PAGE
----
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Women's 1964 Australian Olympic team-inspired swimsuit

Date: 1964
Dimensions:
Overall: 720 x 370 mm, 0.07 kg
Display dimensions: 780 x 380 mm
Clothing size: 36
Medium: Bri-nylon, polyester
Credit Line: ANMM Collection Gift from Speedo International Ltd
Object Name: Swimsuit
Object No: 00019038

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    Description
    This one piece women's swimsuit, featuring the 1964 Australian Olympic swimming team uniform design, was designed by Gloria Smythe and produced in Australia under license from Speedo. The green and yellow nylon swimsuit features a quarter skirt, wide shoulder straps, a contour back and a high scooped neck. Made from six separate pieces of fabric with a fine yellow gauze gusset, the swimsuit was a complicated construction. A cloth badge on the chest is embroidered with 'Australia Tokyo 1964' and a kangaroo. Speedo first released commercial ranges of the designs they produced for various national Olympic teams in the 1960s.

    Australian swimmers used the green and gold vertical 'block stripe' fabric for their swimsuits for the first time in 1964 at the Tokyo Olympic Games. Previously competitors in international competitions had worn swimsuits in solid colours.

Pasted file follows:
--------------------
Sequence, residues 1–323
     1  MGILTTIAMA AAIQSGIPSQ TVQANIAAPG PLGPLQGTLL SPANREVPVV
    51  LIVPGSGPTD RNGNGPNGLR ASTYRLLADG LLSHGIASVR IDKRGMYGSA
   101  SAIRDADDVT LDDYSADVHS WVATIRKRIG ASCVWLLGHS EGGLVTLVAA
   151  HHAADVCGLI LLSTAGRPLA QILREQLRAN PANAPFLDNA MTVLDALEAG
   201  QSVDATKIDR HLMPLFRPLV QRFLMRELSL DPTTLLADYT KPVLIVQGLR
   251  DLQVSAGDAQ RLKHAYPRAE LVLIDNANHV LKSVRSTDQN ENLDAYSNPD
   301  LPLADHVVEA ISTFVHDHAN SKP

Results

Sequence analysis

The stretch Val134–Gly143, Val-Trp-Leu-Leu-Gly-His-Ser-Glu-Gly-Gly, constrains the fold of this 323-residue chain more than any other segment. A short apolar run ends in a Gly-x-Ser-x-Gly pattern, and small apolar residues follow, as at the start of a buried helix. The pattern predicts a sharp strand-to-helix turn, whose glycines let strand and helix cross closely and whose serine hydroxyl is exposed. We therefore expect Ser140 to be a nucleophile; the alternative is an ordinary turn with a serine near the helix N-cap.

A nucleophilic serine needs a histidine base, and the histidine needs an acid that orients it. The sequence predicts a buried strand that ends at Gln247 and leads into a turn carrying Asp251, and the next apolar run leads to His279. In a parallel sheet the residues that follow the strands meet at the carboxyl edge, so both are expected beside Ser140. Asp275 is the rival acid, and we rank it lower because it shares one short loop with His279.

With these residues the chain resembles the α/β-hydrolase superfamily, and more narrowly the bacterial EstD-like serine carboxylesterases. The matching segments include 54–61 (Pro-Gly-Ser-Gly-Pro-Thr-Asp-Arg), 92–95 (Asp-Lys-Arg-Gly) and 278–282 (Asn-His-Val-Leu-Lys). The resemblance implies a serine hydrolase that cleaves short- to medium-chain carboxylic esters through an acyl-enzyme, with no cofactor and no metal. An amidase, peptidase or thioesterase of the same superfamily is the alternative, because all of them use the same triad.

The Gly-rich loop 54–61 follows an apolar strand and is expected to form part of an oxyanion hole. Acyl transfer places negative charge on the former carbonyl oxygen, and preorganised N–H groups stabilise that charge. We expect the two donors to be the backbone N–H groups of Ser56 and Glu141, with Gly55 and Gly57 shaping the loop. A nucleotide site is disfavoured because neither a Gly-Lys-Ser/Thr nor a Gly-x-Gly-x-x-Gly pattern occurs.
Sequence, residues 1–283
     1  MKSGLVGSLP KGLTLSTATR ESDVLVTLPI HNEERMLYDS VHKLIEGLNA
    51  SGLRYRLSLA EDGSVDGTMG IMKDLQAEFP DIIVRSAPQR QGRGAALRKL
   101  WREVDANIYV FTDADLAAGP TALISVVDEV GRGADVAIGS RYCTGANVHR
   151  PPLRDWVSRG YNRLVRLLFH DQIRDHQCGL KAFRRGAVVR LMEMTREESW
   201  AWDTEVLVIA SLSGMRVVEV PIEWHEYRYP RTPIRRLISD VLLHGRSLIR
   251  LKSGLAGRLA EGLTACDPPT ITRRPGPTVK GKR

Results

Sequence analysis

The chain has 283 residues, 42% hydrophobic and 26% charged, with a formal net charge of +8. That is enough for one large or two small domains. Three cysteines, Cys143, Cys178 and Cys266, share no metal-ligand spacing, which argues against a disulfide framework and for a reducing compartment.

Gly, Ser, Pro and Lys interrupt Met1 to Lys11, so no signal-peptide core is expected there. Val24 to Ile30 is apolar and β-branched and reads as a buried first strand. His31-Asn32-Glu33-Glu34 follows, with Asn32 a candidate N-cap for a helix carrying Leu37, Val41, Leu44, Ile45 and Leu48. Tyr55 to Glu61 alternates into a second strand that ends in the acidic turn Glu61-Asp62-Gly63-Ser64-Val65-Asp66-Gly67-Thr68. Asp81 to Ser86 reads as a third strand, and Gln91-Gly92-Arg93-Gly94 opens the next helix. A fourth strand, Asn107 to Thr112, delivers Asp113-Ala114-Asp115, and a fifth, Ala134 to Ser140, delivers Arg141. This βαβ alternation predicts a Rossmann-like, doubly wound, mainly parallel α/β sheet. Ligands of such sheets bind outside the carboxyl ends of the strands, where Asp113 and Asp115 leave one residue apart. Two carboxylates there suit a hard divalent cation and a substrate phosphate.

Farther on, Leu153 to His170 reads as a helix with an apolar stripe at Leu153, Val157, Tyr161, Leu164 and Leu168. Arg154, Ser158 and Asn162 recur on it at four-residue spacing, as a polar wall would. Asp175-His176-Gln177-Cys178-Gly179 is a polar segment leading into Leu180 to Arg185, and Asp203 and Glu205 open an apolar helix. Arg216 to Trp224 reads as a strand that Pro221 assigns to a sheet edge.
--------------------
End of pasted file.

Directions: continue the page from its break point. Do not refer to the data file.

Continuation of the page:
SignificanceProduced as a stock retail item, this swimsuit shows the influence of Olympic team designs on Speedo's commercial swimwear ranges in the 1960s.

    HistoryIn 1955 Speedo introduced nylon into its competitive swimwear designs, and the 1956 Olympics in Melbourne saw the widespread use of the new fabric. At the Rome Olympic Games in 1960 the Australian swimming team first wore the Prestige Nylon Tricot fabric. By 1972 the Federation Internationale de Natation (FINA) allowed women to swim skirtless, though it was not until the 1976 Montreal Games that the Australian team followed this trend.

    Gloria Smythe (now Mortimer-Dunn) started working for Speedo in 1962, at a time when the company was establishing its reputation for performance swimwear. Focusing on experimenting with the cut of the swimsuit and eye-catching print designs, Smythe's attitude was always that Speedo was a global player selling to swimmers everywhere.


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